So the dancer concludes his tale with this observation: our grace increases as our consciousness decreases. But paradoxically, consciousness decreases only after first increasing to infinity. The dancer explains:

grace itself returns when knowledge has as it were gone through an infinity. Grace appears most purely in that human form which either has no consciousness or an infinite consciousness.

He offers two illustrations. The first is the one kvond figured out [again, at this entry]. The dancer says specifically that our minds pass through infinity

just as a section drawn through two lines suddenly reappears on the other side after passing through infinity.

I could not comprehend what Kleist means here. So I worked with the other translation:

Consider how the intersection of two lines, which begins on one side of a point and after passing through infinity, completes itself on the other side.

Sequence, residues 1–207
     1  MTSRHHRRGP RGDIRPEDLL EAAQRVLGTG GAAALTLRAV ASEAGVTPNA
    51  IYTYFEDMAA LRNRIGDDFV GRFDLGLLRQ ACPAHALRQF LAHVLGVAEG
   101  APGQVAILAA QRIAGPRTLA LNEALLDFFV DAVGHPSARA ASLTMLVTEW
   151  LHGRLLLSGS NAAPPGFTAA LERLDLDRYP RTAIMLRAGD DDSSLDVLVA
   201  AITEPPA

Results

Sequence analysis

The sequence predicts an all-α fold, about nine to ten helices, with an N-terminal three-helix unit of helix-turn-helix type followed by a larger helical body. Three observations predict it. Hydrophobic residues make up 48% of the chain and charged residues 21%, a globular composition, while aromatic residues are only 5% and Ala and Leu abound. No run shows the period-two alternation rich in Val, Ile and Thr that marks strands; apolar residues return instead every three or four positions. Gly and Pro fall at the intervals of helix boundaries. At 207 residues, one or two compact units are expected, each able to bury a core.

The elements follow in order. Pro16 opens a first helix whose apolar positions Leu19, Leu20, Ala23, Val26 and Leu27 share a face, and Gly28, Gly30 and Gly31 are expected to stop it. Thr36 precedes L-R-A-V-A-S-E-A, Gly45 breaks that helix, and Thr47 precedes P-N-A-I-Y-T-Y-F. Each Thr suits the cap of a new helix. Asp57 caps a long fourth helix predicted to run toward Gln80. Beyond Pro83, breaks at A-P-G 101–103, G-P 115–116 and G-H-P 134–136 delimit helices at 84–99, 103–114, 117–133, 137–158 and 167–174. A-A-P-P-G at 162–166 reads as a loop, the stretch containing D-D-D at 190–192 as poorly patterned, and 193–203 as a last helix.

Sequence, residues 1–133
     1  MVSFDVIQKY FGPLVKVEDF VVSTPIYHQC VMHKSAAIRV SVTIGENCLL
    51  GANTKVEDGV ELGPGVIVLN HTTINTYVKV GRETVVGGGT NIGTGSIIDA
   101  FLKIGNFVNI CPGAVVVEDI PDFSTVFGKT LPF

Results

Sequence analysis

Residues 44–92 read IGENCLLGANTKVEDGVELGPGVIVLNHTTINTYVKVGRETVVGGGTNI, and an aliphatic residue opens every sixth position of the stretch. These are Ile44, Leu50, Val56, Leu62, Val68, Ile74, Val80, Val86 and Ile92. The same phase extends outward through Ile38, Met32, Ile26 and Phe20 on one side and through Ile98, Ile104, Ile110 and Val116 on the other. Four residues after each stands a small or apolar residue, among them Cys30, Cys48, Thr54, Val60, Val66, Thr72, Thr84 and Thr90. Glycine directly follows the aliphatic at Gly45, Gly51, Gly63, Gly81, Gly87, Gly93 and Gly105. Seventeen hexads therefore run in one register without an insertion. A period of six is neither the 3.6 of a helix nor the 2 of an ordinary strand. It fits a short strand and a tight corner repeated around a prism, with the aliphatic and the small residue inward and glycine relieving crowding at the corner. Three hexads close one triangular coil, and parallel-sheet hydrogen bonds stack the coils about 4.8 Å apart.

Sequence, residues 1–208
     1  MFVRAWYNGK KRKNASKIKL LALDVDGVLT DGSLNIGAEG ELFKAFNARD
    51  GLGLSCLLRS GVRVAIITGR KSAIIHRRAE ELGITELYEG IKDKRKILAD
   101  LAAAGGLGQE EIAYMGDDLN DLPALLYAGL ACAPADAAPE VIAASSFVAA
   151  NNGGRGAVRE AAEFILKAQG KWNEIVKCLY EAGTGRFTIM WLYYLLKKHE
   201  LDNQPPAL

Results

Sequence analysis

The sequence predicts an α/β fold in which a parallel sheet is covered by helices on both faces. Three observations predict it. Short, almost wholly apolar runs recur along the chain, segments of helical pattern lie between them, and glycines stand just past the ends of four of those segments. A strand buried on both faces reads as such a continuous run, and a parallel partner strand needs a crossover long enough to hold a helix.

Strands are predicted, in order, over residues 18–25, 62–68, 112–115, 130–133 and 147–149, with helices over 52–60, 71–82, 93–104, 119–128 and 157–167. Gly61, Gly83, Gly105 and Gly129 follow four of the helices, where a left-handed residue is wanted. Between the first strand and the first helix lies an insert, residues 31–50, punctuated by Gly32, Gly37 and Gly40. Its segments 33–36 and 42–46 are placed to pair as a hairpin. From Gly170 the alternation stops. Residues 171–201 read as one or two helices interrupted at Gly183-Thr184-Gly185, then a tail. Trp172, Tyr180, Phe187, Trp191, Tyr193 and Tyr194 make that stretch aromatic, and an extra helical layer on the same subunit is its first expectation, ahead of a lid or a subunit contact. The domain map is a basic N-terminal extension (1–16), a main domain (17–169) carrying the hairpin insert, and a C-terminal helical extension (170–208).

I would offer this explanation. Lines have length but not breadth. That means we could never see them, because they have no form. So when we draw or imagine them, we have to give them a little width, all while supposing that really they have none. Hence we might depict the intersection of two lines this way:


Now we will increase our microscope power, and zoom-in on where the lines meet. But in this case, we will not adjust the width of the lines. So the lines will become thicker as we zoom in.

What we discover is that the two lines touch before they intersect. This is because we have given our lines breadth, which means their outer edges intersect before the internal ideal lines actually cross. But really lines do not touch before they cross. They intersect at a point, which is also invisible even to the most powerful microscope. This is because points have neither length nor width.

But we could also use a program like GeoGebra. When we zoom-in on the intersection, it readjusts the line-width so that it always remains about the same width, no matter how far we zoom-in. So here it is at one scale.